Coming hot on the heels of his Best Actor win at the recent Straits Times Life! Theatre Awards, Andrew Marko stars in yet another affecting play that not only tugs at audiences’ heartstrings, but also delivers a very powerful message about mental illness.
In this solo show, Marko, brimming with boundless energy, stars as an unnamed six year old growing up with a depressed mother. Being the jovial and filial kid that he is, what’s a boy to do but cheer up his mum with the only way he knows how – coming up with a list of a thousand ‘brilliant things’ to be happy about, from a bar of chocolate, to even Christopher Walken’s hair, and there’s bound to be at least one thing on the list that will strike a chord with audience members.
Every Brilliant Thing is a play that’s heavy on audience participation. At the start, audience members are only required to read out the items listed on post-it notes Marko gives them as he numbers them off in the course of the story. Later on though, the play becomes even more dependent on them, as Marko begins introducing other characters into the mix as he encounters them in various stages of his life, from a vet who puts down his beloved pooch (“That was my first experience with death,” he says, “A loved one becoming an object.”), to a school counselor who had a habit of taking off his shoes, and turning one of his socks into a sock puppet. Marko sits himself down in strategically placed chairs and asks audience members to embody and portray said characters, and become part of the performance.
Audience members are of course, not obliged to follow through, but it’s better if they do, bringing these characters to life as a visual indicator of their existence and capturing their subtle nuances in simple responses. Thankfully, we had a very enthusiastic audience, which made this performance of Every Brilliant Thing brim with heart and laughs. One of the highlights capitalized on Andrew Marko’s singing voice, and he employed two audience members to roll a keyboard around the theatre as he sang a medley of songs, so that every audience member could get a full 360 degree experience of the makeshift gig.
Marko’s performance itself is a kind of brilliant thing. It’s of course, impressive that he’s able to recall and match every item on the list to its corresponding number, reflecting a well-rehearsed performance, but his unnamed character was also unabashedly frank and forthcoming, easy to listen to and relate to. Marko is very capable of thinking on his feet, reacting to audiences’ varied reactions quickly and nimbly balancing the laughs and the heavier, more emotional lines of the script, managing to wield even the silences in between for dramatic effect to express the passage of time, and you can practically feel every moment of love and hate emanating from his character, culminating in the fully realized, three dimensional adult character he becomes, bearing the weight of all his burdens and joys.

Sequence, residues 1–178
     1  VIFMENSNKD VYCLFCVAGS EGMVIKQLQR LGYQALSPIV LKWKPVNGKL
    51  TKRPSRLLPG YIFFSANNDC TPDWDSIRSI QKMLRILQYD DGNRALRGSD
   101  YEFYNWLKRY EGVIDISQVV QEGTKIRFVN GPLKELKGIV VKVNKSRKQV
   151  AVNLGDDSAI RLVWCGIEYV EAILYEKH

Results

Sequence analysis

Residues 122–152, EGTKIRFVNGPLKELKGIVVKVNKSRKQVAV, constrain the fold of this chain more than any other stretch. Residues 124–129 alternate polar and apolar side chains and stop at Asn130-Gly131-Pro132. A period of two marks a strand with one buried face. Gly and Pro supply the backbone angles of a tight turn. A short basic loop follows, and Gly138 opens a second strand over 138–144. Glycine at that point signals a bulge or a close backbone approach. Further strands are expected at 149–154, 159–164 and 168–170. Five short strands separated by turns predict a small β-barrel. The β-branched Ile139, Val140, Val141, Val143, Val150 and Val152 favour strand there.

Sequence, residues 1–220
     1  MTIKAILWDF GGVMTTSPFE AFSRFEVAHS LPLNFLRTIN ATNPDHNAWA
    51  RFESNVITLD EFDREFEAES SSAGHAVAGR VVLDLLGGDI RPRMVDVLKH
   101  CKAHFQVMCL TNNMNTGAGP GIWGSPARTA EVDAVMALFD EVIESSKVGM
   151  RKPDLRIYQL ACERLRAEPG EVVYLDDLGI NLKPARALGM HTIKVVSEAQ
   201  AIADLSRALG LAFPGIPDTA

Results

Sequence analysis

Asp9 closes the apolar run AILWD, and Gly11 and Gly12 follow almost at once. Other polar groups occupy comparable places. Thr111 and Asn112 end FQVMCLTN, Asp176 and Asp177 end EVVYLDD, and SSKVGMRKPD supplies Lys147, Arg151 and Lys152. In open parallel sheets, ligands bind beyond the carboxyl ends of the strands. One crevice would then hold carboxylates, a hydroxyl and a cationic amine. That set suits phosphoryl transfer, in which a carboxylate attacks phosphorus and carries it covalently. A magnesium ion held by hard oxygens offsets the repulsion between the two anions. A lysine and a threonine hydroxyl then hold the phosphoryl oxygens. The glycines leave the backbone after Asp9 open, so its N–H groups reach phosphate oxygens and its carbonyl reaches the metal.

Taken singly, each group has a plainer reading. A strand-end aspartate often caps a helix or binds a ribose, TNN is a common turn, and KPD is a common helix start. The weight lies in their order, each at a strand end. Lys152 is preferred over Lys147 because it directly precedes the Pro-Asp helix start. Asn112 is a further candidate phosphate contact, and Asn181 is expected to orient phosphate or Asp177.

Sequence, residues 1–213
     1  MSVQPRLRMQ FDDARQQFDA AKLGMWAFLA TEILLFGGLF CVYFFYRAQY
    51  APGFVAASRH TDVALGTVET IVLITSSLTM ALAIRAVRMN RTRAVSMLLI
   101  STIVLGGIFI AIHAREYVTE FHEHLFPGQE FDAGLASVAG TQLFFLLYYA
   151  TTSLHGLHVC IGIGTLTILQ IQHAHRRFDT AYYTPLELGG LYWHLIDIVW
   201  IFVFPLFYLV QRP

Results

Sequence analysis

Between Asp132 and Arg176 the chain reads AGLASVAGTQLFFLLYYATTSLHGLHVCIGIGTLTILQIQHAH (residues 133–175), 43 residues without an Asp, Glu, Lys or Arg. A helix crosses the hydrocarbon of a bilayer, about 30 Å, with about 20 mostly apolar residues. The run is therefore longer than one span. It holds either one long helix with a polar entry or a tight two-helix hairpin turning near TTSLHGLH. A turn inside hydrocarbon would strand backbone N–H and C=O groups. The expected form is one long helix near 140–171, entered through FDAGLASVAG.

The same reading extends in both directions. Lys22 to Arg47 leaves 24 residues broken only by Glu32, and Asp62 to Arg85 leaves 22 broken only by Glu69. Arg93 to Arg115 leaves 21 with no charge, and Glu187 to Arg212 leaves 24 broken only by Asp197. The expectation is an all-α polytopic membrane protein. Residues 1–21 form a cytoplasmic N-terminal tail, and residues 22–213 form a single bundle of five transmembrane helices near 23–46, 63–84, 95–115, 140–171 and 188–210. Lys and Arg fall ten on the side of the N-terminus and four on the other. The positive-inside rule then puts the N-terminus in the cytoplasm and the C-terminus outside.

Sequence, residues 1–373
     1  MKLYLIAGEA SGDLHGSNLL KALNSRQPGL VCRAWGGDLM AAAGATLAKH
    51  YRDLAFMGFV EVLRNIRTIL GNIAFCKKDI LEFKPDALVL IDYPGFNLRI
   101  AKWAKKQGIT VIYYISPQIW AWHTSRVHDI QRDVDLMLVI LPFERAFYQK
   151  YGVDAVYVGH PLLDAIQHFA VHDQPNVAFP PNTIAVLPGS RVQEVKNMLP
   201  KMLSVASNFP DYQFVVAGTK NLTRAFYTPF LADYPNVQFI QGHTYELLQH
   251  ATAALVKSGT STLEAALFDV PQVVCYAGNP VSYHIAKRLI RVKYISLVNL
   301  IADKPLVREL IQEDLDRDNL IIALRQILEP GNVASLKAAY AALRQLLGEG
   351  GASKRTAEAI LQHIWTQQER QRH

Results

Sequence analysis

“Things might not get brilliant but they get better,” Marko says during the play. Every Brilliant Thing never makes itself out to be some kind of miracle cure for depression, but it’s certainly a baby step in the right direction in making it less of a stigma to open up to and talk about, allowing others in to help on the long road to recovery, and certainly, an interesting insight as to how a child might experience and cope with such family issues.
Immersive and engaging, Every Brilliant Thing hits hard and represents fringe-type theatre at its finest – work that’s a little quirky, possessed of a little off-kilter humour, yet urgent and powerful enough to move mountains, and Bhumi Collective have done a fine job at bringing it to life. We can’t wait to see what more they bring to the stage in future, but for now, do yourself a favour and get a ticket to the scintillating Every Brilliant Thing.
Photo Credit: Ruth Smalley
Performance attended on 19/4/17.
Every Brilliant Thing plays at the Centre 42 Blackbox till 23 April. Tickets available here